Every so often I see the argument that psychological depression is common because it evolved for a purpose. Usually the idea is that depressive symptoms bring social benefits to the sufferer, as "honest signals" of mental hardship. Less commonly, I see other hypotheses, such as the idea that depression gives people a "breather" to work out their problems. I don't think any of these are convincing, because they don't demonstrate the fitness advantages of the behavior.
Jerry Coyne has written an essay that puts the problems into better words than I could:
The evolutionary calculus for depression—as for any psychological “adaptation”—demands an answer to this question: how does that condition affect your expected number of offspring? It is odd that evolutionary psychiatrists neither answer this question nor, with rare exceptions, consider it, especially because data on reproductive output are not hard to gather.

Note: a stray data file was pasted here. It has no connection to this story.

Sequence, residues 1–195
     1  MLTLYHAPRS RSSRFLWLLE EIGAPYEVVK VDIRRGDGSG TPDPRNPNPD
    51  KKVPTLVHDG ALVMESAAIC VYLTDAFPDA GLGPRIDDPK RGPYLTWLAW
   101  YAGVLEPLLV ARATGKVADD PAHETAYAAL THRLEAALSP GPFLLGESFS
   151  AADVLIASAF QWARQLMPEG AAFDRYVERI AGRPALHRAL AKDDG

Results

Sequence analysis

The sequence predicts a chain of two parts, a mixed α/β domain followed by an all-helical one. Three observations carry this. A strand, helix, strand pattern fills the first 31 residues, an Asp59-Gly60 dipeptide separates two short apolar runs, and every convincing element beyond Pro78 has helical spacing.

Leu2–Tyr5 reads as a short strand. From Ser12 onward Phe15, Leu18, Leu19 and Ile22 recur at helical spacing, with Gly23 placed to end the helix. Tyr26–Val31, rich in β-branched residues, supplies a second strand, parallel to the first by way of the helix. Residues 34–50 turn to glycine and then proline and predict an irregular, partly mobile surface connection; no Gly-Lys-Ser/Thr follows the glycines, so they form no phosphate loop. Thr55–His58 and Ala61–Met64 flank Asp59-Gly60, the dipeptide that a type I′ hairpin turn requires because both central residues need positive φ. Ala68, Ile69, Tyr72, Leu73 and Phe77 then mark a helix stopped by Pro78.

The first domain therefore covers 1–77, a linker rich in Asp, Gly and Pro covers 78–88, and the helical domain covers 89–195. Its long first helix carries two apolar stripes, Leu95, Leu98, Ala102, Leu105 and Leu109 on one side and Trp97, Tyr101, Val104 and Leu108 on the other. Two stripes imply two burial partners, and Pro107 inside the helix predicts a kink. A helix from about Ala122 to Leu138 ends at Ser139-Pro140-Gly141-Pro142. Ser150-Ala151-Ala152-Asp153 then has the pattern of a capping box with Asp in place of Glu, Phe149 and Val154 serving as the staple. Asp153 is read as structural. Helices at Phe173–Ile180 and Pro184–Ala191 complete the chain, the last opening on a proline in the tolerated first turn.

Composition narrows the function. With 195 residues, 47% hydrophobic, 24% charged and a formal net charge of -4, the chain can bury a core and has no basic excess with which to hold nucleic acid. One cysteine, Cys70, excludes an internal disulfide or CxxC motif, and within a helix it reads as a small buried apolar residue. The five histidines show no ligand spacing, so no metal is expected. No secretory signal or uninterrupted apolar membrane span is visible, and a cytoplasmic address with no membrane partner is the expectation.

Clinically defined depression has substantial additive variation in human populations, so evolution is not irrelevant to explaining it. But it doesn't appear to increase fitness, or at least nobody has demonstrated that it does.
Coyne additionally discusses why an adaptive hypothesis needs to explain the persistence of additive variation. Directional selection is expected to reduce or eliminate additive variation, so additive variation implies non-directional selection, epistasis or other exceptional conditions. I would add one element to his discussion: Many human phenotypes have additive variation today that they may have lacked in the past, because adaptive evolution during the Holocene hasn't come to any kind of equilibrium. There hasn't been time for many genetic changes to be fixed. This explanation for the presence of additive variation doesn't imply that depression is adaptive; only that in the long run we can't expect it to have the same incidence as today.